The provincial police commissioners from the Free State and North West provinces, who preceded Lamoer at the briefing, both also reported an increase in crime related to foreigners.
Read more on: cape town | refugees | crime | narcotics
Jan van Riebeeck (Johan Anthonisz van Riebeeck)
Cape Town history - South Africa
Jan van Riebeeck was born on 21. April 1619 in Culemborg (Holland). At a young age, he worked as a writer at the Dutch East India Company and learnt the trade of salesperson. Later he was asked to manage a trading office in Japan. Due to disagreements, he was recalled to the mother company in 1647 because he handled too many other companies in Japan, and the Dutch East India Company did not approve.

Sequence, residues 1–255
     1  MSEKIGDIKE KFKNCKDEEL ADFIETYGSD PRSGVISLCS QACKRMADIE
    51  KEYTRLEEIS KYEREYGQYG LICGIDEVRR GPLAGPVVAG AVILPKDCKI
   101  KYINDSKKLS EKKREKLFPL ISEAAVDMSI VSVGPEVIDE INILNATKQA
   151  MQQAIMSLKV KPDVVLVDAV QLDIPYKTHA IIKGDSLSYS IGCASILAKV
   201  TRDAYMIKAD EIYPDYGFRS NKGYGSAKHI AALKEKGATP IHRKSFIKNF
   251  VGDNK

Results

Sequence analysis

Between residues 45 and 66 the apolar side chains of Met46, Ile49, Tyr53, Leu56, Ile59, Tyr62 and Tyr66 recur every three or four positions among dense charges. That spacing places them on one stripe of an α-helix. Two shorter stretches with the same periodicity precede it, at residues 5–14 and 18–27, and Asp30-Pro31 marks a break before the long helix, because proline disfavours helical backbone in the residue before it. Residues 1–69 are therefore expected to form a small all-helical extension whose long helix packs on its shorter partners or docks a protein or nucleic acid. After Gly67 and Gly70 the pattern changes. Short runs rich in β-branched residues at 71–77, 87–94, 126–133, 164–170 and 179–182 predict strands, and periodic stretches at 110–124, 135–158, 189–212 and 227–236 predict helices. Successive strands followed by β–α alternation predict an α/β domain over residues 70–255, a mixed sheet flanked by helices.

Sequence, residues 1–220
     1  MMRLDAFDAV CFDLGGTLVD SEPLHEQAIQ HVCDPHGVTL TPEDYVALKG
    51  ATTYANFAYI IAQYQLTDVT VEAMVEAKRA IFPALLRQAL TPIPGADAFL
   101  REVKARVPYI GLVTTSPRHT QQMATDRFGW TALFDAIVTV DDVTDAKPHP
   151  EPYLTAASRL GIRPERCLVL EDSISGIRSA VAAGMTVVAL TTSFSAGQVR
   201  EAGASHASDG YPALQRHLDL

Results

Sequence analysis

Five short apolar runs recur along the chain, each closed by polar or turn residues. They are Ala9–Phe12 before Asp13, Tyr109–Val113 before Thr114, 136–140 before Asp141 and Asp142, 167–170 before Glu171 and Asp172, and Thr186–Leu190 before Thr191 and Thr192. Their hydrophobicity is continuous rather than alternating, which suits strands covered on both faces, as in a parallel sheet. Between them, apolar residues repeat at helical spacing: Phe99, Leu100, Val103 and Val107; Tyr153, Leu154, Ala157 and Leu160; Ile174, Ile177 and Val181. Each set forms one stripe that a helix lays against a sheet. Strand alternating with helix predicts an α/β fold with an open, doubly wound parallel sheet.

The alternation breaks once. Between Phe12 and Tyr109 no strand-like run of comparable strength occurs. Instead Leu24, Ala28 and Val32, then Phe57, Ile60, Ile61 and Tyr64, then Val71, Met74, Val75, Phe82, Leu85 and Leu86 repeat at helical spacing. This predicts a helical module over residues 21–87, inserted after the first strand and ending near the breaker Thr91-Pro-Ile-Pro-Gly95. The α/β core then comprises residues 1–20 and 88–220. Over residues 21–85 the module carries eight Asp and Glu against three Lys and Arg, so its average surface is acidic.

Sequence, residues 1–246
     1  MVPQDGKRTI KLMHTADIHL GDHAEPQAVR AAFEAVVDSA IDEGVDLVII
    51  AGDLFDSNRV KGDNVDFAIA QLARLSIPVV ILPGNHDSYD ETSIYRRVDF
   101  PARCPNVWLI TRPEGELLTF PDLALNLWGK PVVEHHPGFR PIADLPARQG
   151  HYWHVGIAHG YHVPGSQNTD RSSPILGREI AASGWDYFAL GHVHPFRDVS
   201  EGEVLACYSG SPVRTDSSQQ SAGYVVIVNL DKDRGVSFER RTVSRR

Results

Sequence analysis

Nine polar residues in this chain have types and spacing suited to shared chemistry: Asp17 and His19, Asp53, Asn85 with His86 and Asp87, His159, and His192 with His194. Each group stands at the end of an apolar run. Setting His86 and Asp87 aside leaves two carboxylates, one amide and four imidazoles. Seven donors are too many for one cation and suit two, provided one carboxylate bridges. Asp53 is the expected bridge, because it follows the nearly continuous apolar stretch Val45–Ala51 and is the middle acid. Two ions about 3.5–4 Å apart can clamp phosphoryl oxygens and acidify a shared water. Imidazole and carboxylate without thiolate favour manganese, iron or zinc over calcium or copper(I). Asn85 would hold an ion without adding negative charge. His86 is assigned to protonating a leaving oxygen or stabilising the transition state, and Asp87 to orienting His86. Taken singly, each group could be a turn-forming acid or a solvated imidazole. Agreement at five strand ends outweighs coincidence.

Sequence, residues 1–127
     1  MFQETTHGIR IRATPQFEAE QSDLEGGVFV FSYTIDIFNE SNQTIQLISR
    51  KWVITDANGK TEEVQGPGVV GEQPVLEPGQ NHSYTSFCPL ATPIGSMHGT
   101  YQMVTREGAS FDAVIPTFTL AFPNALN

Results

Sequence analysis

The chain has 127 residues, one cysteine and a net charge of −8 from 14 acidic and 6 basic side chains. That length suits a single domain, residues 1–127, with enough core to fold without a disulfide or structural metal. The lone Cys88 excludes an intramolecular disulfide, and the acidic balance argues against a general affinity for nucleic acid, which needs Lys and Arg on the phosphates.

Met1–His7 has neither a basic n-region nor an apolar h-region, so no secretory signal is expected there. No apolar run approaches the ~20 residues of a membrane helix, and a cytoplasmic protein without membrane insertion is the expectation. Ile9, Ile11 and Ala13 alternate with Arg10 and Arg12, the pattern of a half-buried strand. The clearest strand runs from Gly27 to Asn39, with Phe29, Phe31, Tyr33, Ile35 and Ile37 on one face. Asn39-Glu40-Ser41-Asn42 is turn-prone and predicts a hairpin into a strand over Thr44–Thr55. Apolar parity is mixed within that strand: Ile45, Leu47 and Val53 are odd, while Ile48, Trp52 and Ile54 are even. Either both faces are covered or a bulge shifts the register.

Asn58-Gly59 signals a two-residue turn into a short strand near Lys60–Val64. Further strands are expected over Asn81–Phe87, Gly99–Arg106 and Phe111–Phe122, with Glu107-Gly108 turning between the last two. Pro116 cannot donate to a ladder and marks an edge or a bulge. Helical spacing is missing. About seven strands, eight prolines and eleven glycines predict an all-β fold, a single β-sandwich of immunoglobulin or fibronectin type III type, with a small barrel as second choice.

The Company decided to establish a half-way station at the Cape of Good Hope. Due to his international experience, Jan van Riebeeck was given this task.
Jan van Riebeeck departed with five ships and reached Table Bay on the 6. April 1652 with 2 ships. The other 3 ships arrived later, because they carried more cargo. Jan van Riebeeck was accompanied by his wife and four-month old son.
His task was to establish a provisions station for seamen who were travelling to the East. Furthermore, he was commissioned to build a fort (Fort de Goede Hoop), a hospital and a supply station.
His recommendation to settle farmers (free burghers) in the surrounding of Cape Town was encouraged and thus Cape Town developed well.